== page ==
A sweater made from recycled bullet proof vests and firefighter suits

Technical clothing company Vollebak designed a men’s sweater made from recycled ballistic vests and firefighter suits.

Annually, around 100 billion pieces of clothing are made each year, a number that is likely to double by 2050. At the same time, 150 tonnes of clothing are duped in the landfill every minute. Most of these are made of nylon and polyester.

Called the Garbage Sweater, the sweater is designed to help rethink the role that garbage will play in the Earth’s future. Rather than opting to recycle nylon and polyester, Vollebak chose to recycle more challenging materials, called aramid. The two types, meta-aramid and para-aramid, are a class of heat-resistant and strong synthetic fibres found in bullet proof vests and firefighter suits.

Firefighter suits are commonly made of meta-aramid. This material is highly flame-resistant, doesn’t melt and has powerful thermal resistance. Not only is it used for firefighters, but also for some of the most extreme jobs in the worlds, like astronauts and military pilots.

Para-aramid is used for bullet proof vests. The material is closely related to meta-aramid, but rather than being spun in a a semi-crystalline fibre, the material is spun in a highly crystalline fibre. This high crystallinity results in a material with incredible tensile strength that is 5 times stronger than steel on a weight to weight basis. Eight layers of the material can stop a bullet.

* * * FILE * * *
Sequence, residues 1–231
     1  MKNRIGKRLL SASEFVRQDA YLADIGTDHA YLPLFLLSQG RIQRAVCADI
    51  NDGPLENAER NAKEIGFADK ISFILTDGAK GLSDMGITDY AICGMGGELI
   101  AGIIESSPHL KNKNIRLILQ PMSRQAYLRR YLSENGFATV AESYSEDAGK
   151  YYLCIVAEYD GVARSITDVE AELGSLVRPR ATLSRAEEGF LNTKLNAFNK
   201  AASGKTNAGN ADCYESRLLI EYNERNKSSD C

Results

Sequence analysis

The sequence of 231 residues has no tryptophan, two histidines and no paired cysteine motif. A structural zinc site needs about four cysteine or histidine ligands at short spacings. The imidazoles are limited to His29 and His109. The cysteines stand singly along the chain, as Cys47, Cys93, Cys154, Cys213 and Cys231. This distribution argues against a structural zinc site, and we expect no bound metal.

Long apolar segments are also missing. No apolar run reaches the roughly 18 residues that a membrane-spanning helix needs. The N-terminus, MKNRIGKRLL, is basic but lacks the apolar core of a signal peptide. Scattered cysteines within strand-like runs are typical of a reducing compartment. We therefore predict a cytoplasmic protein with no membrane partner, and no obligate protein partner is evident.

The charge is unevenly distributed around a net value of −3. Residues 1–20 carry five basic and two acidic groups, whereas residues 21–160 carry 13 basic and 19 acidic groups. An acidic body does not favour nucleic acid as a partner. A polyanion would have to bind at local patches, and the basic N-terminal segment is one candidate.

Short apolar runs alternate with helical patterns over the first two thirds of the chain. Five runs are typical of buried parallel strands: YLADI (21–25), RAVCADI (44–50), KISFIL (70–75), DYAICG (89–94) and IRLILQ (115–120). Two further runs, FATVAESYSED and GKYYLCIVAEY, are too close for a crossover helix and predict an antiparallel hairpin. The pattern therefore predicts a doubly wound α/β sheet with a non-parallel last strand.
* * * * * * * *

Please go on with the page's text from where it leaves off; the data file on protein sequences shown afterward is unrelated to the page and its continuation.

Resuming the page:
Although both materials are super strong, they have a relatively short lifespan, because firefighter suits and ballistic vests are put under massive strain. They have a lifespan of only five years.

The problem with aramids lies in the exact properties that makes them useful. They won’t decompose easily, and they cannot be incinerated because they do not burn. Therefore, they are dumped at landfills. Every year, 500 tonnes of firefighter gear are thrown away in France alone, the country where the Garbage Sweater’s material is constructed.

The Garbage Sweater consists of 70 per cent meta-aramid and 30 per cent of para-aramid. To make the sweater, the materials are collected, shredded, cleaned, blended and finally spun to make new material. According to Vollebak, the material is “comfortable, warm, soft and sturdy.” Both the inside and outside of the sweater feel like rugged fleece. The aramid fibres retain enough of their properties to make the Garbage Sweater fire resistant. The material won’t catch fire and the flames won’t spread. However, the sweater is not bullet proof.

Photos: Vollebak